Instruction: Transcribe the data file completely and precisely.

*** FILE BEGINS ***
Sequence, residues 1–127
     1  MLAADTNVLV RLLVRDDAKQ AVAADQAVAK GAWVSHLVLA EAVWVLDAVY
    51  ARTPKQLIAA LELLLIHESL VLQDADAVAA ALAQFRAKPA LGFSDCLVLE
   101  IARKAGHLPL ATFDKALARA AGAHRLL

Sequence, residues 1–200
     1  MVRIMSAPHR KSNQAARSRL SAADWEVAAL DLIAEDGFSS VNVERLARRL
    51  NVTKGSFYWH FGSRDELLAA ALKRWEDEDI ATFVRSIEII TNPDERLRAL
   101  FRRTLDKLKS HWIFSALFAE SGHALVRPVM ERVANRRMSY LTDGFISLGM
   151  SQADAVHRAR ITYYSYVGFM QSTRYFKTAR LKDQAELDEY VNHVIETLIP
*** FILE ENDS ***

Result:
Sequence, residues 1–127
     1  MLAADTNVLV RLLVRDDAKQ AVAADQAVAK GAWVSHLVLA EAVWVLDAVY
    51  ARTPKQLIAA LELLLIHESL VLQDADAVAA ALAQFRAKPA LGFSDCLVLE
   101  IARKAGHLPL ATFDKALARA AGAHRLL

Sequence, residues 1–200
     1  MVRIMSAPHR KSNQAARSRL SAADWEVAAL DLIAEDGFSS VNVERLARRL
    51  NVTKGSFYWH FGSRDELLAA ALKRWEDEDI ATFVRSIEII TNPDERLRAL
   101  FRRTLDKLKS HWIFSALFAE SGHALVRPVM ERVANRRMSY LTDGFISLGM
   151  SQADAVHRAR ITYYSYVGFM QSTRYFKTAR LKDQAELDEY VNHVIETLIP